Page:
Launched in its native England in 2011, Black Mirror made its official American debut three years later when the streaming giant Netflix added it to its rotation. Unofficially, though, the Charlie Brooker-created anthology series had already slipped through the side door of our pop-culture consciousness, with the words Black Mirror — along with bootleg DVDs and torrents — being eagerly passed around among connoisseurs of cult TV. Displaying the influences of such seminal sci-fi auteurs as Ray Bradbury and Rod Serling, Brooker’s near-future parables about the perils of technology found an eager stateside fanbase entranced by the idea of, say, the British prime minister being forced to engage in carnal relations with a pig or a world where reality shows are the economy’s primary industry.
The mixture of out-there fancifulness and scary plausibility that lies at the heart of so many Black Mirror episodes led Brooker to be regarded as a kind of high-tech soothsayer on these shores. Speaking with Yahoo TV at the Toronto Film Festival in September, Brooker and his producing partner, Annabel Jones, laughed off that exalted reputation. “I’m not trying to moralize or give solutions,” says Brooker, whose extensive list of British TV credits include the zombie miniseries Dead Set and Charlie Booker’s Screenwipe and Newswipe, which cover topical culture and news stories in a tone that’s similar to The Daily Show. “In the U.S., viewers think I’m anti-technology, whereas in the U.K. I’m known for doing comedy. Or I’m just known as a prick!”
Jones says that she and Brooker were as surprised as anyone when word of Black Mirror spread beyond the U.K.’s borders. “We thought the stories were all too U.K.-centric,” she remembers. “But very quickly it got picked up in other countries, in Europe and Asia.” Around the same time that they snagged Mad Men’s Jon Hamm to star in the 2014 Christmas episode, Black Mirror was made legally available in the U.S. via Netflix. “There was a real spike when it went up on Netflix,” Brooker says. “People had been watching it via contraband for a while, so the Netflix release was the tipping point where the ones who had seen it could tell other people, ‘You should go watch it.’ Jon even told us that before he shot the Christmas special, he’d tell people that he was going to be working on Black Mirror, and they’d ask him, ‘What’s that?’ But by the time the episode was done, everyone knew about it.”
That’s why, when Black Mirror returns for its third season on Oct. 21, it will be a full-fledged Netflix series. Asked if working in the streaming realm affords creative freedoms that he didn’t previously enjoy on terrestrial television, Brooker half-jokingly responds: “Well, we had the prime minister f*** a pig on Channel 4 in the U.K. Once you’ve done that, that bar is pretty high!” In other words, don’t expect the Netflix-produced episodes to significantly depart from the tone and content of its British predecessors. “Netflix basically let me do what I wanted. They’re very supportive and have opinions, but never said, ‘You must do this or that.’”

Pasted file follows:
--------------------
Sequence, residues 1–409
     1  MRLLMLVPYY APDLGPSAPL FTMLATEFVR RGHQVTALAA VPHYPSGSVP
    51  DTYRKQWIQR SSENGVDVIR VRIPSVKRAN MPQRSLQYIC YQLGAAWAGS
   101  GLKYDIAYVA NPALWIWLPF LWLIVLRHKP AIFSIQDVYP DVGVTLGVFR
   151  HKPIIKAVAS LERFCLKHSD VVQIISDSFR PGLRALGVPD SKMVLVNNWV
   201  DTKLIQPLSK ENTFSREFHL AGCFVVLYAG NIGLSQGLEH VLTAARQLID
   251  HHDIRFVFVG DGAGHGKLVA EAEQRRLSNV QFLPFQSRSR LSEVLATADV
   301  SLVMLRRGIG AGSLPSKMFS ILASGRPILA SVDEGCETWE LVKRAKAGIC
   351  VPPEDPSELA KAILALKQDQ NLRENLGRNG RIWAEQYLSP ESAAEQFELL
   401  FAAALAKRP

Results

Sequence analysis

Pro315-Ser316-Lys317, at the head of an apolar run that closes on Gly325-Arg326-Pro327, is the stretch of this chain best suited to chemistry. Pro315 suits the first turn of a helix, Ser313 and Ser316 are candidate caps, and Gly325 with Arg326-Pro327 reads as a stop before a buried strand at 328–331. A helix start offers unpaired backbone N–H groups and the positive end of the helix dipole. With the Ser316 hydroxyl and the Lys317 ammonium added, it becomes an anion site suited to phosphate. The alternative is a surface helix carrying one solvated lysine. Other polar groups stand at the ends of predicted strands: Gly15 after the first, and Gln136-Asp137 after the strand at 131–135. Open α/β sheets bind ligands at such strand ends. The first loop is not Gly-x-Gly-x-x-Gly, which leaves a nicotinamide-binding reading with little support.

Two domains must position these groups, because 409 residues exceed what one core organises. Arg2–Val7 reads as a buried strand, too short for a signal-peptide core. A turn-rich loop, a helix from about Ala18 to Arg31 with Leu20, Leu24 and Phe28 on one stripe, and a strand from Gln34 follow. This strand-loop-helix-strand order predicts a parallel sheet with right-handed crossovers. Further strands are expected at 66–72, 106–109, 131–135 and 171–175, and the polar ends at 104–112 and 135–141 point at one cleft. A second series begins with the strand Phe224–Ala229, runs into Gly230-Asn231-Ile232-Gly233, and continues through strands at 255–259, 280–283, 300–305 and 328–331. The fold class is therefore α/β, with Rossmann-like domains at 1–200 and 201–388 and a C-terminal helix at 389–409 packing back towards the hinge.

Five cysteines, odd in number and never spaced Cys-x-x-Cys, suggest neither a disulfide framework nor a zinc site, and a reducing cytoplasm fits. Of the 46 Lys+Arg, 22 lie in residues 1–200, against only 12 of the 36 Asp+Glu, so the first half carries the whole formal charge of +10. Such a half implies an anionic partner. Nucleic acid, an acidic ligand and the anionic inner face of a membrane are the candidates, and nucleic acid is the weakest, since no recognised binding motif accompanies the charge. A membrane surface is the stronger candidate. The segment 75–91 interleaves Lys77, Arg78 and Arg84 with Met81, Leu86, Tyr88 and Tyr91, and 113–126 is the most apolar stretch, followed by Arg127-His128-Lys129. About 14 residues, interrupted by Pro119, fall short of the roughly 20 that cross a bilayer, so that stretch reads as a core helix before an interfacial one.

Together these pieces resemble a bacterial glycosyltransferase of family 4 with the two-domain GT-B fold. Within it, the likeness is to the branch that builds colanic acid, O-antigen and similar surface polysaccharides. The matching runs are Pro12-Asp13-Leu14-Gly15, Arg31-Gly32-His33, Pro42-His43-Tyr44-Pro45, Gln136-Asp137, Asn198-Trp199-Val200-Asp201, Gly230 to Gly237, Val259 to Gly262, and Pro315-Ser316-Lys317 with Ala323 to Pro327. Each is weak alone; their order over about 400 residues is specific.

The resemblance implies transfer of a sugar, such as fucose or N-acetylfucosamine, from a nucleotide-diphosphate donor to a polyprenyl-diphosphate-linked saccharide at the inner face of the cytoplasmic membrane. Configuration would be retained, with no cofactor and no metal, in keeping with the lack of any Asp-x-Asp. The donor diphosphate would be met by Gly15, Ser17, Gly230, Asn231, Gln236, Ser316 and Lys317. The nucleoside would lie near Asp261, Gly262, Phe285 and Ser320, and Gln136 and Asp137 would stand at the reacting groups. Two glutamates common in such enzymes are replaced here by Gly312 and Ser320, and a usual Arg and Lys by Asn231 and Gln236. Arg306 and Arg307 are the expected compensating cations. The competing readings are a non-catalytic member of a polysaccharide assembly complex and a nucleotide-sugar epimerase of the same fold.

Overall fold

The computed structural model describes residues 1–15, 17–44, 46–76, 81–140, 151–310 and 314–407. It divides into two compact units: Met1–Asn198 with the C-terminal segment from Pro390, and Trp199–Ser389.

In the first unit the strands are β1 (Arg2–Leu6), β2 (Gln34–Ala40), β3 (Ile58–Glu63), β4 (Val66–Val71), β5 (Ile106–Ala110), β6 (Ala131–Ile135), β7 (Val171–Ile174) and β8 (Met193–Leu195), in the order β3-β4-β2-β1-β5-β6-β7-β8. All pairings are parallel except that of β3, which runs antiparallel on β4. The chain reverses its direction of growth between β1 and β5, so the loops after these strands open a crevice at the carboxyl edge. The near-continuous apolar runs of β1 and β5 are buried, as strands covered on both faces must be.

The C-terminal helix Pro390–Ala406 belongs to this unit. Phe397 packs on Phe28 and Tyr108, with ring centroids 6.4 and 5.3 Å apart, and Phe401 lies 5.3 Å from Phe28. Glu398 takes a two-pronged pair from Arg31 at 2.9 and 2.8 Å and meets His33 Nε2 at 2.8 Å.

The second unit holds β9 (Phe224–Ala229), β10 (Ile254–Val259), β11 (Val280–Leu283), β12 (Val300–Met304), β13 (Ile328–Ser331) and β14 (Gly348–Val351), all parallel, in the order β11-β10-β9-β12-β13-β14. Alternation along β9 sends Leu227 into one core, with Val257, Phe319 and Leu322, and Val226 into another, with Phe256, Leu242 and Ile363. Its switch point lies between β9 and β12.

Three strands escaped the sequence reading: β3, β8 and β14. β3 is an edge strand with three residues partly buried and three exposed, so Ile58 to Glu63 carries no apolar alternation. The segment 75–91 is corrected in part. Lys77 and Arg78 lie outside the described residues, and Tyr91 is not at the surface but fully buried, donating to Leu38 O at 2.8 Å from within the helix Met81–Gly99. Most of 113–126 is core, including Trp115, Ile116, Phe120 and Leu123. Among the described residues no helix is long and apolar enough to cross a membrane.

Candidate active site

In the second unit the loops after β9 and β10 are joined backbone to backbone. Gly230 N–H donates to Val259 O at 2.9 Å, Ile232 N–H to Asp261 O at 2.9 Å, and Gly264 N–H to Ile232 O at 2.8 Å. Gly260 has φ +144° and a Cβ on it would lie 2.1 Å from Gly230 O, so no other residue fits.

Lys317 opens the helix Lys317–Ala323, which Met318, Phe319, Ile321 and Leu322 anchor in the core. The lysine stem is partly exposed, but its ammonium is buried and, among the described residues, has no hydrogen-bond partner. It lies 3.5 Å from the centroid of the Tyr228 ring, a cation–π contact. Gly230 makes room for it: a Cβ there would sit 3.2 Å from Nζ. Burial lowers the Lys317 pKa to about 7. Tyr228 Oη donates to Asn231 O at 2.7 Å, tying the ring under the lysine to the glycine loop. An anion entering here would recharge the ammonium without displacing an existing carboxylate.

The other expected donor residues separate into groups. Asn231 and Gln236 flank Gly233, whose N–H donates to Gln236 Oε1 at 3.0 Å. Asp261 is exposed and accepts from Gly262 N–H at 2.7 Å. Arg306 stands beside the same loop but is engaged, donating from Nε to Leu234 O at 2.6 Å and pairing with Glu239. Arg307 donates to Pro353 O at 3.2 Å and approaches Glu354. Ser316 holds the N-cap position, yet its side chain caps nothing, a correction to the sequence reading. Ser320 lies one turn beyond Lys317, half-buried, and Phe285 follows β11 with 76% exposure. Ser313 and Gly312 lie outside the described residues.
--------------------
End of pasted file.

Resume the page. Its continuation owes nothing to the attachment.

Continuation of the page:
In watching four of Season 3’s six episodes — two of which had their world premiere in Toronto — what’s most notable about this third year is the wide variety of tones and genres that Brooker is riffing on. Take the nostalgia-tinged romance “San Junipero,” which pulsates with the emotional yearning of an old-fashioned Hollywood love story. Or “Nosedive,” a social-media-themed screwball comedy in the tradition of Bringing Up Baby and Planes, Trains & Automobiles.
Meanwhile, “Men Against Fire” provides timely commentary on police-state tactics, wrapped in zombie movie clothing, and “Shut Up and Dance” is predicated on the very real, very modern fear that our online histories will be stolen and used against us. “I was very conscious of trying to broaden the scope a little,” Brooker says. “I didn’t want to be the show where every single time, the audience knows which way it’s going. So across this season, we’ve approached each episode like we’re doing different genre movies.”
That approach resulted in an episode that Brooker sounds particularly proud of: “Hated in the Nation,” which he describes as a “detective story about online rage and anger.” Boasting a feature-length 90-minute runtime, “Hated” is as meticulously plotted as a vintage Philip Marlowe mystery, but unfolds in quasi-future London rather than ‘40s-era Los Angeles. “We tend to focus on the popcorn ideas behind each story, so when there’s social commentary, that’s kind of a plus,” Brooker says. “In ‘Hated,’ we end up commenting on quite a wide variety of things, like the environment. Because all of these stories are self-contained one-offs, we can build these worlds relatively easily. It only needs to last one episode, and then you knock it all down.”
Even before the premiere of Season 3, Netflix made the decision to stay in the Black Mirror business. When we spoke with Brooker and Jones in September, they were already deep in writing the next batch of episodes. “Many of my ideas start out as comic, and then get darker as the script goes along,” Brooker reveals. “And other times, I’ll have the final image in mind, and rewind from there. That’s just how it is with Black Mirror!”
Black Mirror premieres Oct. 21 on Netflix.